Cognitive control functions in unipolar major deepression with or without co-morbid anxiety disorder
Journal article, Peer reviewed
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Original versionFrontiers in Psychiatry 2010, 1:1-9 10.3389/fpsyt.2010.00149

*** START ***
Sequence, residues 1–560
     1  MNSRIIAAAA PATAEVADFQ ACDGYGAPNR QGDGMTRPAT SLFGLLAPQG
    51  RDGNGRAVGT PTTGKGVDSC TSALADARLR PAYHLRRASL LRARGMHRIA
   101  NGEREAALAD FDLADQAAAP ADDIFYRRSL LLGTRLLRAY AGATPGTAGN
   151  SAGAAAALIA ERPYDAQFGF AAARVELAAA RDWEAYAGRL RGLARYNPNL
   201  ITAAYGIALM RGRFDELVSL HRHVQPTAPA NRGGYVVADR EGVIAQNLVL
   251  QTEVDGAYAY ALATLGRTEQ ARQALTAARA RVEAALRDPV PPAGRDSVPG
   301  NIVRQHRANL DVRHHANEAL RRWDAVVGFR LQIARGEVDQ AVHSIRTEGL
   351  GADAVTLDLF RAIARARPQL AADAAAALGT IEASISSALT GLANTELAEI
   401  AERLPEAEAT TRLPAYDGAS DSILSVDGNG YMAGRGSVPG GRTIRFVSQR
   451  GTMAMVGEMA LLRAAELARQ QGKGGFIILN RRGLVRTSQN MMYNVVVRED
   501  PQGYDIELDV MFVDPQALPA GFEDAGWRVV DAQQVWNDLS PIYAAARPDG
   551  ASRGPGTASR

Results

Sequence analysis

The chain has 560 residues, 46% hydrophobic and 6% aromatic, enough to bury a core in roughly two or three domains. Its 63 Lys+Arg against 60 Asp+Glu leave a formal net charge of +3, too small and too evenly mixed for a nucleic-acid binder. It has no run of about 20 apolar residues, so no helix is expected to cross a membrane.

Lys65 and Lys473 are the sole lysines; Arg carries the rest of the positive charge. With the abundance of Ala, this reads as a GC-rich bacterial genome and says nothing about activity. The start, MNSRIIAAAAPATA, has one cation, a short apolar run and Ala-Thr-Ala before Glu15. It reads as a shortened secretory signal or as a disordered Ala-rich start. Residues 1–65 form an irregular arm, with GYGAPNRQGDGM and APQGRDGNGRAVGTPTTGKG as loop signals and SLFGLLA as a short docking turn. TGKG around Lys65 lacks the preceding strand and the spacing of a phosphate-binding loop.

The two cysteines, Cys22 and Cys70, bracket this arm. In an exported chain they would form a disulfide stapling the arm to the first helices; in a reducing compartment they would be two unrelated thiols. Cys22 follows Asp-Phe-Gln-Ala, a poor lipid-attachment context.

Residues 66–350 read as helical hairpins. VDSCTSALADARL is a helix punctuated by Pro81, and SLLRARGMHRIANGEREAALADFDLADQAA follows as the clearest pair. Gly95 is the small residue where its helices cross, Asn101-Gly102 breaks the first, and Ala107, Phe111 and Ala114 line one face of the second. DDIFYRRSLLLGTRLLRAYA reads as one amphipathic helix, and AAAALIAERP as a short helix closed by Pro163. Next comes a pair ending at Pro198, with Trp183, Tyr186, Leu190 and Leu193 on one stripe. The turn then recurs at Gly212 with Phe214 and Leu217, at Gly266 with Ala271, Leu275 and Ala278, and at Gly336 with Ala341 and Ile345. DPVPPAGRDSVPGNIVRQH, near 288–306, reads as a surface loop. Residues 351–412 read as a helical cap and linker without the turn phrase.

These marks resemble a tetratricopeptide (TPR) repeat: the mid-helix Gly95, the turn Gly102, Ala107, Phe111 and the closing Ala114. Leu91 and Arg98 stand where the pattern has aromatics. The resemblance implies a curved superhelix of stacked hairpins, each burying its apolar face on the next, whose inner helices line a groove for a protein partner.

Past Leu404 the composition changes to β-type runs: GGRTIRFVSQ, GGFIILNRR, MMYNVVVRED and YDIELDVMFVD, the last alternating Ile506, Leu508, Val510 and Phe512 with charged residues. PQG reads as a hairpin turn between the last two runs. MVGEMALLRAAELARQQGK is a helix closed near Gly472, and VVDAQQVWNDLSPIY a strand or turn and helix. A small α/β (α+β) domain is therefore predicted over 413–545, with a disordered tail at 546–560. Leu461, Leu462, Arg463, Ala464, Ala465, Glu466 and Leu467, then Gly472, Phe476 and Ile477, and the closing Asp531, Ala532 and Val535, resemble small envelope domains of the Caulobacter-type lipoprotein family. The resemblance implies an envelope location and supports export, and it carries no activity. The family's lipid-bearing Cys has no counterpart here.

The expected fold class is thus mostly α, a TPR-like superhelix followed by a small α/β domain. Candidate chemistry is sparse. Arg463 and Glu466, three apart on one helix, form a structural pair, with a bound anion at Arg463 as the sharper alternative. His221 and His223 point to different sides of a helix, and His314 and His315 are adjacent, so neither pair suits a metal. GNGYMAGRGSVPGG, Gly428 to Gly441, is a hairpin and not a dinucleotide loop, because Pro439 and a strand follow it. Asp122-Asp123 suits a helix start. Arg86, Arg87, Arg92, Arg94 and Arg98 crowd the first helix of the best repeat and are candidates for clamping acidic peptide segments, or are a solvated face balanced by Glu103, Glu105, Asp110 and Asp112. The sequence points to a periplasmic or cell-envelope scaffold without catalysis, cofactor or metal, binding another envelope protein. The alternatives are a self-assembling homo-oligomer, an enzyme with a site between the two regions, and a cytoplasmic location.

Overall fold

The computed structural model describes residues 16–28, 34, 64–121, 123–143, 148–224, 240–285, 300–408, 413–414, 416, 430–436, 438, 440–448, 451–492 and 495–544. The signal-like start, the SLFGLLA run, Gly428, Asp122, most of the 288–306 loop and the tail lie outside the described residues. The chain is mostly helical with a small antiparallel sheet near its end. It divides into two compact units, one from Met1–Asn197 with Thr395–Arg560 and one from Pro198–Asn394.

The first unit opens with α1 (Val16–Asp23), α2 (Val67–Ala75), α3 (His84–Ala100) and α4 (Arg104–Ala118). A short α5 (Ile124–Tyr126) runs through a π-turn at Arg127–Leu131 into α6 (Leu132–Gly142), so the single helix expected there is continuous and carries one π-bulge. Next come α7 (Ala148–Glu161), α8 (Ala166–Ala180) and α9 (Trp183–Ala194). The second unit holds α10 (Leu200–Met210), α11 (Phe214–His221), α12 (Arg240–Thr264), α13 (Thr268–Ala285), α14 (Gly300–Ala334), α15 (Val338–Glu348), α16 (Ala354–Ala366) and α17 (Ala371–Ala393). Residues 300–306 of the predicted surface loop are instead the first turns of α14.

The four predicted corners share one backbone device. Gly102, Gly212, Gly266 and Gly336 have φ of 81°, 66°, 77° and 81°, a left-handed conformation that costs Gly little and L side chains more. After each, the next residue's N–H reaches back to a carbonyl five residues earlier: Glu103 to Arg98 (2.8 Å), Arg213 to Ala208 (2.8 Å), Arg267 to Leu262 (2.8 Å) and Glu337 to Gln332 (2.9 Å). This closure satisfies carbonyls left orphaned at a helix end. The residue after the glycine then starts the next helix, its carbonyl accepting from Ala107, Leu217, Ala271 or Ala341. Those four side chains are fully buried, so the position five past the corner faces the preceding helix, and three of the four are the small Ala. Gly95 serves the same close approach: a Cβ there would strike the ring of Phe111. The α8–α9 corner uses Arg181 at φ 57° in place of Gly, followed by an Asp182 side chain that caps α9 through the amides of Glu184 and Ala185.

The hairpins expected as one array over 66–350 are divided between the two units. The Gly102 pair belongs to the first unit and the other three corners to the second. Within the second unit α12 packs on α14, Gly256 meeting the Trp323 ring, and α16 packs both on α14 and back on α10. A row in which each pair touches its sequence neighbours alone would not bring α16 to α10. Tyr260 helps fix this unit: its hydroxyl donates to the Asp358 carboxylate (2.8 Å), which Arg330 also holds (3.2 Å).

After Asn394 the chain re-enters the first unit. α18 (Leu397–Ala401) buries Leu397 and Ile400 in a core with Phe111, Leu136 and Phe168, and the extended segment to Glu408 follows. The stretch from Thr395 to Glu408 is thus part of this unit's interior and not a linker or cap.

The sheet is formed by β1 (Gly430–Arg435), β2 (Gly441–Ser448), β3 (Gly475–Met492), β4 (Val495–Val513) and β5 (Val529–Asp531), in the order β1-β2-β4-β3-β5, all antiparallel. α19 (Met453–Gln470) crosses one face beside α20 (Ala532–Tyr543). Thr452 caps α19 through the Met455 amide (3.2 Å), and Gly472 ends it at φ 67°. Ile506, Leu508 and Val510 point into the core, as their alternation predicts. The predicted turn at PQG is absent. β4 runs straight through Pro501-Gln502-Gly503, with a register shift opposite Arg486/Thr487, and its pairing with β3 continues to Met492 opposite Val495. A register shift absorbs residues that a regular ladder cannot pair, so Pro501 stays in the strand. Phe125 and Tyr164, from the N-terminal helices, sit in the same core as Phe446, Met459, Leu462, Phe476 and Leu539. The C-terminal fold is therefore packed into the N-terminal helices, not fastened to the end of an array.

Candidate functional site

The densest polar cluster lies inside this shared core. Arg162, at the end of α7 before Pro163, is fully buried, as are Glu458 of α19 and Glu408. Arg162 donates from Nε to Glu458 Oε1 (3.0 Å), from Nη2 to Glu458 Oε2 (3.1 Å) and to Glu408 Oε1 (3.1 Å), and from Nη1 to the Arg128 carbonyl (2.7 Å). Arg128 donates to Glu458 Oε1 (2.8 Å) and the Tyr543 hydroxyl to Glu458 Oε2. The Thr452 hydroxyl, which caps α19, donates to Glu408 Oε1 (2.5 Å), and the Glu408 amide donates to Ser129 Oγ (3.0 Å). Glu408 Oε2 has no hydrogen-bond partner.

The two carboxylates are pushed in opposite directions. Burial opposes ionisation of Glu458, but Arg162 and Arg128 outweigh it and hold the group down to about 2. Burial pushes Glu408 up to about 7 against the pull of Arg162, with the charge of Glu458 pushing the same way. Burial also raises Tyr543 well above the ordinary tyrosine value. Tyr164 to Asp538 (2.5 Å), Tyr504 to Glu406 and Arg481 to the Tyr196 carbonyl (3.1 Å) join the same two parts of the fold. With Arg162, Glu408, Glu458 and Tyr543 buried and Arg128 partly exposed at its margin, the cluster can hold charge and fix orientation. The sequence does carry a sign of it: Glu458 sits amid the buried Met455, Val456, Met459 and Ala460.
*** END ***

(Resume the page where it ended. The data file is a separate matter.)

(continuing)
Background: Impaired cognitive control functions have been demonstrated in both major depression (MDD) and anxiety disorder (A), but few studies have systematically examined the impact of MDD with co-morbid A (MDDA), which is the main aim of this study. Method: We compared patients with MDD with (MDDA; n = 24) and without co-morbid A (n = 37) to a group of healthy controls (HC; n = 92) on three subtests from the Cambridge Neuropsychological Test Automated Battery; intra–extra dimensional, stop signal task, and spatial working memory. These tasks correspond to a theoretical model consisting of three separable but interrelated executive control functions: Shifting, Inhibition, and Updating. A simple psychomotor speed measure was also included. Results: After controlling for age, gender, and education level, the results showed that the MDDA group displayed significantly impaired performance on the functions Shifting and Updating compared to HC. There emerged no significant differences between any of the patient groups and HC regarding Inhibition. The pure MDD group did not display dysfunctions relative to the HC group on the main executive control variables, but displayed slowed psychomotor speed. Contrary to expectation there were no significant differences between the MDDA and the MDD groups. Conclusion: Co-morbid anxiety should be taken into account when studying cognitive control functions in major depression.